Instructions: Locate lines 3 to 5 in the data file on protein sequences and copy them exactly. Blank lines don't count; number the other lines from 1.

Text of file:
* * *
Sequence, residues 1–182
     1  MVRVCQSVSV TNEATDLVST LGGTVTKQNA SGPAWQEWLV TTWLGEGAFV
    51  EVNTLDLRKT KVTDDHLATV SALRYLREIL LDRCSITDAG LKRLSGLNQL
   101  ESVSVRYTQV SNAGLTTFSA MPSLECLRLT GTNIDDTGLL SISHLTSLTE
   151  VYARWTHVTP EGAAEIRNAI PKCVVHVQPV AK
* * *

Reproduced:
    51  EVNTLDLRKT KVTDDHLATV SALRYLREIL LDRCSITDAG LKRLSGLNQL
   101  ESVSVRYTQV SNAGLTTFSA MPSLECLRLT GTNIDDTGLL SISHLTSLTE
   151  VYARWTHVTP EGAAEIRNAI PKCVVHVQPV AK